2018-2019 Kaplan Scholars Courses
Debra Yepa-Pappan, “Live Long and Prosper (Spock was a Half-Breed)” (multiple images)
Alternative Americas: Science Fiction and Speculative Futures
As a genre that posits a reality beyond what we currently know or experience, science fiction allows us to imagine alternate ways of being, forms of technology and knowledge, and human futures—both utopian and apocalyptic. This course will trace how and why science fiction in the Americas has emerged as a mode of narration with which to confront contemporary crises. Placing science fiction texts created by Caribbean, Native American, African American, and Latin American artists into conversation with one another, we will explore how these artists turn to stories about zombies and robots, time travel, utopias, and apocalypse (among others) to confront long histories of colonialism, slavery, and racism, and to create speculative or hypothetical futures that posit alternate futures for those histories.
To understand what is at stake in imagining alternate worlds and futures for Native, African American, Caribbean, and Latin American writers, we will examine novels, stories, films, graphic novels, video games, and other media and will draw on methodologies from literary and media studies, art history, critical race studies, and more. Questions we will consider include: How does science fiction engage the colonization of the Americas? How do science fiction genres draw on and transform contemporary science, both as a possibility of freedom and to critique a field that has been used to constrain some peoples’ freedoms? What alternative Americas do these artists envision, and how do they differ from present or historical realities? This course will include visits to NU media labs to experiment with virtual reality spaces; trips to Chicago-area theater performances, art museums, and archives; and (if funded) a visit to Indigenous mounds.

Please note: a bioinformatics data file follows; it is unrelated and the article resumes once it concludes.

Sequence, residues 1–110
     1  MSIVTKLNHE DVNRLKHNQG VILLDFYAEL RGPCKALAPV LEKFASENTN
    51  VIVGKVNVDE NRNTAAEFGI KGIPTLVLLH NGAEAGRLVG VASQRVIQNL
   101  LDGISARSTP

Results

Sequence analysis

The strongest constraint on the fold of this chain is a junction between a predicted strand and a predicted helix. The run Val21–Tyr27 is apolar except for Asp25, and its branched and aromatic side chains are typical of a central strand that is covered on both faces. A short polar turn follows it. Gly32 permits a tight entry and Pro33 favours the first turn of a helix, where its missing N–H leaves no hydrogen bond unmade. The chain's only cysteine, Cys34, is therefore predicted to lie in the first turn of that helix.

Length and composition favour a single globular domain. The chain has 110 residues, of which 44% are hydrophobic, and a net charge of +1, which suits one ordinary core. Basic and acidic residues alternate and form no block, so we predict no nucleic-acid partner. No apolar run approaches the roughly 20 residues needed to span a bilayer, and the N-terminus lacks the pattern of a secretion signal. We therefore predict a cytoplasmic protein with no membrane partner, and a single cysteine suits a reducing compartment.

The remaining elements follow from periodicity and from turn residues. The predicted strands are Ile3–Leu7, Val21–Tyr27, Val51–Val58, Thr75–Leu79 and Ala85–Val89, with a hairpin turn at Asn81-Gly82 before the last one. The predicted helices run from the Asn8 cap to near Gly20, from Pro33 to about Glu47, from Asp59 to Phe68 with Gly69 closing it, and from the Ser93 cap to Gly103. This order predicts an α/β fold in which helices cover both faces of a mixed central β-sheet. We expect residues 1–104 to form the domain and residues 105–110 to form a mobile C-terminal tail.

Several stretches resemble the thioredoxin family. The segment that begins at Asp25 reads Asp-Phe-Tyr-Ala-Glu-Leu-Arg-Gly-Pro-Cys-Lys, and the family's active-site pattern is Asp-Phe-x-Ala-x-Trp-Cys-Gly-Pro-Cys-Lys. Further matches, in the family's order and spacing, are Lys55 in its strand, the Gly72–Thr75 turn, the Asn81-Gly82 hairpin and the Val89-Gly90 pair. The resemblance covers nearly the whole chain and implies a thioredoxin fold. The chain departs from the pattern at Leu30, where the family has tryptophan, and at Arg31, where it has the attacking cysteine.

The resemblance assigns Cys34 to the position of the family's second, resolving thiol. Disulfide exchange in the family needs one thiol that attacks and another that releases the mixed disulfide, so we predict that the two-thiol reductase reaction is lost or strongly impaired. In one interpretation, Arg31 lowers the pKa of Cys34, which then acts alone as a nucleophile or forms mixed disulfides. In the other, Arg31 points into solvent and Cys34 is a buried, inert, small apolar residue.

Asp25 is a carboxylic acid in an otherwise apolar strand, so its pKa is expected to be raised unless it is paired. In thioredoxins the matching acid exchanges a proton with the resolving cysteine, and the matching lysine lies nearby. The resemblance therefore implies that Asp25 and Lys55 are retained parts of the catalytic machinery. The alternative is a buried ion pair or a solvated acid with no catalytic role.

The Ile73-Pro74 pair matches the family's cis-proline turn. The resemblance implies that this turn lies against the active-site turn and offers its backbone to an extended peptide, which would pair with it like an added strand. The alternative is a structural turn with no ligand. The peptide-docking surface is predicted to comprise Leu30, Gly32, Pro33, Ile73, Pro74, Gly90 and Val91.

Assigned texts will include:
Eduardo Ladislao Holmberg, “Horacio Kalibang, or the Automata” (1879)
W.E.B. Dubois, “The Princess Steel” (1908)
Eduardo Urzaiz, Eugenia: A Fictional Sketch of Future Customs (1919)
Samuel R. Delany, Babel-17 (1966)
Octavia Butler, Kindred (1979)
Nalo Hopkinson, Brown Girl in the Ring (1998)
Yoss, Planet for Rent (1998)
Melissa Tantaquidgeon Zobel, selections from Oracles (2004)
Edmundo Paz Soldán, Turing’s Delirium (2006)
Pedro Cabiya, The Head (2007)
Nnedi Okorafor, Lagoon (2014)
Victor LaValle, The Ballad of Black Tom (2016)
Cherie Dimaline, The Marrow Thieves (2017)
Rebecca Roanhorse, selections from Trail of Lightning (2017)
Sofia Samatar, selections from Tender (2017)
Alex Rivera, Sleep Dealer (2008)
“A Robot Walks into a Bar.” (short, 2014)
Alejandro Brugués, Juan of the Dead (2011)
Elena Palacios Ramé, Los pueblos silenciosos (The Silent Towns, 2010)
Brujos (TV-Series, 2016/17)
Field trips may include:
- A visit to the Media and Design Studio to play Never Alone (an Inuit-created video game that teaches the Inuit language and stories)
- A visit to Northwestern’s Knight Lab to demo virtual reality spaces
- A q&a session and screening with Alex Rivera, filmmaker and director of Sleep Dealer, “Cybraceros,” and “A Robot Walks into a Bar”
- A performance from Otherworld Theatre, a Chicago theatre dedicated to staging works of science fiction and fantasy
- Class session with Britt Rusert, author of Fugitive Science: Empiricism and Freedom in Early African American Culture and editor of W.E.B. DuBois’s fantasy story “The Princess Steel”
- A possible trip to one of the Indian mound sites near Chicago to explore Indigenous world building
Emily Maguire (Spanish & Portuguese) specializes in literature of the Hispanic Caribbean and its diasporas. She has taught courses on Latin American and Latina/o Literature and cultural production, Latin American science fiction, race in the Americas, and the relationship between literature and ethnographic writing. Emily is the author of Racial Experiments in Cuban Literature and Ethnography (University Press of Florida, 2011). Her current book project explores the uses of science fiction in recent Caribbean narrative.
Juan Martinez (English & Creative Writing) is a professor of creative writing and contemporary literature. He is the author of Best Worst American,a story collection. His current work explores the fantastical in the coast of Colombia. His stories have appeared inGlimmer Train, McSweeney's, Huizache, Ecotone, NPR's Selected Shorts, and elsewhere, and are forthcoming in Mississippi Review and the anthology Who Will Speak for America?